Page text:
GM seeks to help retailers sell ethanol-rich fuel
NEW YORK |
NEW YORK (Reuters) - General Motors Corp (GM.N) said Monday it was accelerating efforts to coax U.S. gasoline filling stations to add pumps that sell ethanol-rich fuel after it bought a stake in a start-up company to make ethanol from sources like crop waste and old tires.
Mary Beth Stanek, GM's energy and environment director, said the company hoped over the next two or three years to help push 10,000 U.S. gasoline stations to add pumps that sell E85, a fuel mixture of 85 percent ethanol.
"We're getting pretty sophisticated on how this is done ... we have great relationships with ethanol producers, fuel retailers, and the state agencies who want this to happen," Stanek told the Reuters Global Agriculture and Biofuels Summit in a telephone interview.
GM annually produces about 1 million "flex fuel" vehicles that run on either gasoline or ethanol fuel mixes like E85 as part of its alternative fueled vehicles program.
Stanek said GM helps service stations add the pumps by finding grant money to ease conversion costs. When new ethanol pumps go up, GM also contacts their flex fuel customers, letting them know new fuel options have opened near them.
In Miami, for instance, GM helped open ethanol pumps at U-Gas stations and sent postcards to its 5,000 flex fuel clients near the station.
E85 stations have been slow to develop as the percentage of U.S. cars that can use the fuel is still under 10 percent.
The stations are mainly concentrated in Minnesota and other Midwestern states where most U.S. ethanol is currently made from corn. The stations are beginning to spread to states like Texas that can easily receive shipments from the Midwest.
Stanek said E85 stations would grow geographically and numerically as the cost of ethanol declines and as the price of oil clings near $100 a barrel.
She said the U.S. energy law signed by President George W. Bush last month, which mandates a five-fold increase in ethanol blending by 2022, would help ease transportation bottlenecks, which could help make ethanol cheaper.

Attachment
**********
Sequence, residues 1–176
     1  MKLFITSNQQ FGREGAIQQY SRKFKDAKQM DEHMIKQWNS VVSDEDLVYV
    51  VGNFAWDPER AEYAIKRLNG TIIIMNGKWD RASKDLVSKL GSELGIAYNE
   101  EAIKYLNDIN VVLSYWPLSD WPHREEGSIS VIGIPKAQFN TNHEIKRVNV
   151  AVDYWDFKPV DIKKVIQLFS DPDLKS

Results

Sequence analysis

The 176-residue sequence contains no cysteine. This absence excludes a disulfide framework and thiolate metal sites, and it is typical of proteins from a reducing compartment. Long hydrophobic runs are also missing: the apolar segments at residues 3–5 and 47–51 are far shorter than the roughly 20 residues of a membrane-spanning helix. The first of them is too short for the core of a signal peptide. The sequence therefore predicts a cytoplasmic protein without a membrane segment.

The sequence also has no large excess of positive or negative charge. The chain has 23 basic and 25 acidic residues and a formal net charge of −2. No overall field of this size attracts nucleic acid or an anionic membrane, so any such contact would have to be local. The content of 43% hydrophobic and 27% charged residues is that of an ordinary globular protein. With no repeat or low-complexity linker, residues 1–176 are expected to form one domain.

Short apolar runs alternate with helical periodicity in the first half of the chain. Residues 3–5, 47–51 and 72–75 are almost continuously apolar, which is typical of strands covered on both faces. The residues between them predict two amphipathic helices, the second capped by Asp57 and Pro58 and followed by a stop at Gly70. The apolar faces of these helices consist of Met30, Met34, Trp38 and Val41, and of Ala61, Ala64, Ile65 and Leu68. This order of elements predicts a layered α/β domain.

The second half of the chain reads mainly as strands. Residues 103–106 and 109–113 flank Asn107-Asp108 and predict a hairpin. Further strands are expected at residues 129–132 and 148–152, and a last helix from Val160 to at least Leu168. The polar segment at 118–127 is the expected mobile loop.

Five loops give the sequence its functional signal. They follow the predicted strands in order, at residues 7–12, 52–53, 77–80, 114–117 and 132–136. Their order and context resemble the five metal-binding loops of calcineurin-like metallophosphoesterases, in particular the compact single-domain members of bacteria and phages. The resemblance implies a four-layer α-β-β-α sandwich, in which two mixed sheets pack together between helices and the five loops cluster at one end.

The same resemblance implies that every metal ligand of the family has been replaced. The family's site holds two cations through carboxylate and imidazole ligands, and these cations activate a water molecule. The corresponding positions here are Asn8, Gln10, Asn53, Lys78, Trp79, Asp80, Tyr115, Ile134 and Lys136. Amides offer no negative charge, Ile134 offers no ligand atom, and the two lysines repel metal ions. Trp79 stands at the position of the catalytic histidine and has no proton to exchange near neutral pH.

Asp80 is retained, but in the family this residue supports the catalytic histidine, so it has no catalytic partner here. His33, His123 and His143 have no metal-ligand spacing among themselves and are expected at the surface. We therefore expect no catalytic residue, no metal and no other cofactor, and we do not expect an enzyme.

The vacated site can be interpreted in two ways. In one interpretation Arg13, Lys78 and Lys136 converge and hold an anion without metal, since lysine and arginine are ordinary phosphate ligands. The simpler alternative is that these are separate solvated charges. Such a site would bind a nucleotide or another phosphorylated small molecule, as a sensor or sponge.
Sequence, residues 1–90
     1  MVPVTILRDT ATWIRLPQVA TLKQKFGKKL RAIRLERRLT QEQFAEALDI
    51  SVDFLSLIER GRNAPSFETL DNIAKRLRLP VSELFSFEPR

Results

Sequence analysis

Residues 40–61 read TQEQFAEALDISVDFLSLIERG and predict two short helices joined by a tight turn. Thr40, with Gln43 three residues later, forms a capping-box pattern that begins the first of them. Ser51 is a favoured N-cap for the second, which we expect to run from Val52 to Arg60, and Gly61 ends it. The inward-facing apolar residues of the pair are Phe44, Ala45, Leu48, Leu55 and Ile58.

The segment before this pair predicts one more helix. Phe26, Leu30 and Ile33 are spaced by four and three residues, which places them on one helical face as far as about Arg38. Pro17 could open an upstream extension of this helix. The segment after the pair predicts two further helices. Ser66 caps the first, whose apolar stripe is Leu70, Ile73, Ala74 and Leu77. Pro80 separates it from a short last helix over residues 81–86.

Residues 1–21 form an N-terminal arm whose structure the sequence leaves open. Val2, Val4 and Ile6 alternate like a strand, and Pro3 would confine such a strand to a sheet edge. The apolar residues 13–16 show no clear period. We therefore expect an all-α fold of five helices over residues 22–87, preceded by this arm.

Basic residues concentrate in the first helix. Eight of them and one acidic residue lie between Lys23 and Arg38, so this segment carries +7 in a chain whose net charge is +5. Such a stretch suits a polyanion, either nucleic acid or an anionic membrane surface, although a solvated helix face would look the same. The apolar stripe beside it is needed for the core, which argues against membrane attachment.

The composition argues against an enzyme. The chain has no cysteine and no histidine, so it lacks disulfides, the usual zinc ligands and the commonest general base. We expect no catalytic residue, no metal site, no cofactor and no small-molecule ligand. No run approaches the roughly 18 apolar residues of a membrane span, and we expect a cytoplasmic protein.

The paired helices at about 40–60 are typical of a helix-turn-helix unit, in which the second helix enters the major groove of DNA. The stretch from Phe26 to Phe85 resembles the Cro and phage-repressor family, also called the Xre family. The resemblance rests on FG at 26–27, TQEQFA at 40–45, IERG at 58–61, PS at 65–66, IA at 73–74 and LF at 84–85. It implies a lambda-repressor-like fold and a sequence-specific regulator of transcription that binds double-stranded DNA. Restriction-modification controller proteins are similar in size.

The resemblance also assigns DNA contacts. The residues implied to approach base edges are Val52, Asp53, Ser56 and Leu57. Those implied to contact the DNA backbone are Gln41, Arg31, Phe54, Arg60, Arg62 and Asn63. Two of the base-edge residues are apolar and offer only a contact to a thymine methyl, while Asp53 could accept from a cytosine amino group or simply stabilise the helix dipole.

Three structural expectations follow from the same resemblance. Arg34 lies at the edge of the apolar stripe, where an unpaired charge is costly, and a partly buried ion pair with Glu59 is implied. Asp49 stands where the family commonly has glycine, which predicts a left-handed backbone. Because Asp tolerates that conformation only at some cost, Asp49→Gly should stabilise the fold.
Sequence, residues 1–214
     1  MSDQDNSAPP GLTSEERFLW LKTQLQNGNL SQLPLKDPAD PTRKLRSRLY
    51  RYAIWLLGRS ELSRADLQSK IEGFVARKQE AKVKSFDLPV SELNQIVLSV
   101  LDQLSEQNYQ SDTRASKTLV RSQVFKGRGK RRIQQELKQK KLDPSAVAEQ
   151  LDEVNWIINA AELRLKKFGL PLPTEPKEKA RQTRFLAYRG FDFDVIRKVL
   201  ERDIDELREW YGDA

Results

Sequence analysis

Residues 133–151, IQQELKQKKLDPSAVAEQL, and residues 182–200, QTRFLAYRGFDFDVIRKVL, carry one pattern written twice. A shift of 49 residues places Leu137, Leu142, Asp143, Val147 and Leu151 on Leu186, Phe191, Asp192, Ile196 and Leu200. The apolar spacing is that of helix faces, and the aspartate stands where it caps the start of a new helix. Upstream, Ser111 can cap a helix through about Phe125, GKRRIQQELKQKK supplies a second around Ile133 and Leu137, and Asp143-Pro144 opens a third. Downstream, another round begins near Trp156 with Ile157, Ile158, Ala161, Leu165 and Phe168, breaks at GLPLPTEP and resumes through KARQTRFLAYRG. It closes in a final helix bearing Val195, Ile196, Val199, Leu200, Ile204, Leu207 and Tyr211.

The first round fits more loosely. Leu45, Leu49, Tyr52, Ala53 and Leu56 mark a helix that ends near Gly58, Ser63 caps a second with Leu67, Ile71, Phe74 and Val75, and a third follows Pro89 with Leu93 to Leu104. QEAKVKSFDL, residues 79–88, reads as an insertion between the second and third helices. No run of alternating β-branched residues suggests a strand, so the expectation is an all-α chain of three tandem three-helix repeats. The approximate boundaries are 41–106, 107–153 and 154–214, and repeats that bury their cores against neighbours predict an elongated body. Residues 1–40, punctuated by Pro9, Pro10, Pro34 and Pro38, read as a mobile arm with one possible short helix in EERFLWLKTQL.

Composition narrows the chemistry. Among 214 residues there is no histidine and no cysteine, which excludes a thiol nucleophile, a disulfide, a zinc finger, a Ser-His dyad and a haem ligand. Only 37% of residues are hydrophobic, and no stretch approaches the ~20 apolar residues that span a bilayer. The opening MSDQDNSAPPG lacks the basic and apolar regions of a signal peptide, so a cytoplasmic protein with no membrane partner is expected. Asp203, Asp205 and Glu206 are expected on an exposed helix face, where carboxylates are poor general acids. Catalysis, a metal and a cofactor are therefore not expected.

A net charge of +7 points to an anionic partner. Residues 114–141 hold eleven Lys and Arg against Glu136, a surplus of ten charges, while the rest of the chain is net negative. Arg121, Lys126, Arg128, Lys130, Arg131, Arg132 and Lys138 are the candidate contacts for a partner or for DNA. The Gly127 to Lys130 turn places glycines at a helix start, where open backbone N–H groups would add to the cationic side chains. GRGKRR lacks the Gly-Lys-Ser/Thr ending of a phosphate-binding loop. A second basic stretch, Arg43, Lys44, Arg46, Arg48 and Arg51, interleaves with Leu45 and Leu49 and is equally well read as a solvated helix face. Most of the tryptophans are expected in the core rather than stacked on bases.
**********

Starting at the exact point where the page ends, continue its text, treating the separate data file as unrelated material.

"Things that have been put on hold will get fixed and that means light rail, some shorter pipelines and blending terminal upgrades," she said. "We are confident those issues will be resolved. Now what we have to do is get consumers engaged."
On Sunday, GM said it had invested in start-up biofuel company Coskata Inc, which has developed a commercially viable process to bring ethanol made from sources other than corn to market by 2011.
Coskata said it can make the new fuel from many carbon-rich sources -- including old tires -- for less than $1 a gallon. That would be about half the cost of making gasoline, and much cheaper than other next-generation biofuels.
At the moment, however, U.S. ethanol is more expensive than regular gasoline. Retail prices for E85 averaged about $3.33 a gallon on Monday, after being adjusted for energy content, according to travel group AAA. That compares with $3.07 for average regular gasoline and $3.38 for premium.
But customers can be fickle.
"I don't know if this is an 'If you build it they will come scenario,' said Jeff Leonard, a spokesman for the National Association of Convenience Stores, which sell gasoline. First and foremost, he said, drivers seek the cheapest fuel prices they can find.
Stanek said Coskata can help drive down fuel costs. Coskata's plans to make fuel from a wide variety of abundant feedstocks, like municipal garbage, could help cut the fertilizer, harvesting and transportation costs that push up the price of ethanol made from corn, she said.
(Editing by Walter Bagley)
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